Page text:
medals, which represent him as combining in his own But the success of Æmilianus as a Commander put person the attributes of Hercules and of Mars.* an end to his allegiance as a subject; and hence he had



Caius Julius

A. D.

A. D.

Eisgraphy. VALERIAN, who had been despatched by Gallus to which Æmilianus. displayed, and which was probably

bring to his assistance the Legions stationed on the the effect of principle, was ascribed by the fierce soldiery

Gontiers of Germany, did not arrive in time to prevent to the influence of fear. His apparent pusillanimity Æmilianus 253. the death of the Emperor ; but finding, upon his return withdrew their confidence; and finding that Valerian Ersranas to Italy, that the catastrophe now mentioned had already was approaching, hy rapid marches, to punish their late serta taken place, he determined to revenge it on the person disaffection, they resolved to secure his forbearance by

253. The army which had raised the latter repeating, in his own favour, the treason with which to the Throne, appears still to have continued on the they were chargeable against Gallus. The troops under ground whereon was decided the fate of the two rival his command had already proclaimed him Augustus ; Commanders; and where, without drawing the sword and the murder of the reigning Prince by their hands to defend the object of its recent choice, it was again soon opened to Valerian an unresisted passage to the to transfer the Crown to another head. The moderation Throne.f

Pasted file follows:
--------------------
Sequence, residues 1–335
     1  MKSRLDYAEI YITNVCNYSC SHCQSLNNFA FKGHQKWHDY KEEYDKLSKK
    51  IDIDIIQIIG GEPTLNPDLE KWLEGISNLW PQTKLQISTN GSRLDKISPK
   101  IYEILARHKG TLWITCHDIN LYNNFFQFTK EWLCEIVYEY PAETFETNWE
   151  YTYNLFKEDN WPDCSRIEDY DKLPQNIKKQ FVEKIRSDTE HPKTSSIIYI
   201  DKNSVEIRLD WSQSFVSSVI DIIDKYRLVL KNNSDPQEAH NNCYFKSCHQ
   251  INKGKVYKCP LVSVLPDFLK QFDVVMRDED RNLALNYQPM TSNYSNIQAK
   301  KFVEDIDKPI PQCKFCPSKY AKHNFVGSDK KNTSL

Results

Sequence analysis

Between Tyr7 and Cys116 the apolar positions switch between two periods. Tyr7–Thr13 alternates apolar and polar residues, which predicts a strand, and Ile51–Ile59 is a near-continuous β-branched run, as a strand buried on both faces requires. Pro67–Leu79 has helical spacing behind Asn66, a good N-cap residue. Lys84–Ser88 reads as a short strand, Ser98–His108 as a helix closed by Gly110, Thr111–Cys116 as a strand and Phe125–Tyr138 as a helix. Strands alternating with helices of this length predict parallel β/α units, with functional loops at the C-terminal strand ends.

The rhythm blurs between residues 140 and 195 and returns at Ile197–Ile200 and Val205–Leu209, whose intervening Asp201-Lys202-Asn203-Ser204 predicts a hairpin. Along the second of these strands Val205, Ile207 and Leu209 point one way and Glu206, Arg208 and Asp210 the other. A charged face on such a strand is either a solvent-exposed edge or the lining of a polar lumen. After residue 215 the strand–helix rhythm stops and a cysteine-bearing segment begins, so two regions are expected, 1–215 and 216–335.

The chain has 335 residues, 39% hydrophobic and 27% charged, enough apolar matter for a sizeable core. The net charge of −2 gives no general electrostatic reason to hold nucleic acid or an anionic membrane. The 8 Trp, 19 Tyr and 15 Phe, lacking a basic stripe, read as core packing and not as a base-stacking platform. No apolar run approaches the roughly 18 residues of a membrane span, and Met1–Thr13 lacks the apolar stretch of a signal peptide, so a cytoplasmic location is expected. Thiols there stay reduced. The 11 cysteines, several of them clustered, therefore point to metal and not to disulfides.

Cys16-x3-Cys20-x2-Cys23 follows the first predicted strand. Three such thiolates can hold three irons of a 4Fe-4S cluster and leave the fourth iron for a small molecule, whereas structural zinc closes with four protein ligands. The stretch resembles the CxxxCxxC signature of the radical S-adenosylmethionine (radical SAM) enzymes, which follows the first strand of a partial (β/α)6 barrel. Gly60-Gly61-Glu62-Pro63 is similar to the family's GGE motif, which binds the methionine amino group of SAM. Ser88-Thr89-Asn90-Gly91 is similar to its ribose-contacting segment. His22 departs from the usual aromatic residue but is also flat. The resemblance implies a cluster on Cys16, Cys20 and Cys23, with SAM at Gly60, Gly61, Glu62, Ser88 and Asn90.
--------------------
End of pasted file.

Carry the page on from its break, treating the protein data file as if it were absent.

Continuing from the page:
of the usurper.

• Zosim. lib. i. Aurel. Victor. Eutrop.
† Zosim. ubi supra. Eutrop. lib. ix. Victor, de Cæsaribus.

Zosim. lib. Zonar. lib xii. c. 21. p. 627. + Eutrop. lib. ix. Aurel. Victor, de Cæsaribus


FROM A. D. 253 to 260.

A. D.


A. D.


Biography. Few Princes, in the evil times of which we are now His views were not sufficiently expansive; and, above Caius

writing, entered upon the Government with the advan- all, he wanted firmness in adhering to his plans, and Publius From

tage of so high a reputation as that enjoyed by Valerian. activity in reducing them to practice. He is reported Valerianus

His merits had attracted the attention of the whole also in his latter years, to have become timid and credu- Augustus. 253.

Empire ; and his elevation to the most eminent rank lous, more alive to the sense of danger, than to the 260. in the State was accompanied with universal congratu


means of avoiding it; and hence, though the love of his Character of

lation in Italy as well as in the Provinces. Descended Country never cooled in his breast, he yet brought on Valerianus. from an illustrious family, he was introduced at an early it, or rather, perliaps, allowed it to endure, evils much 253.

period of life to the most important offices, Civil and more formidable than could have arisen from injustice
military, that were open to the ambition of a Patrician and tyranny combined. *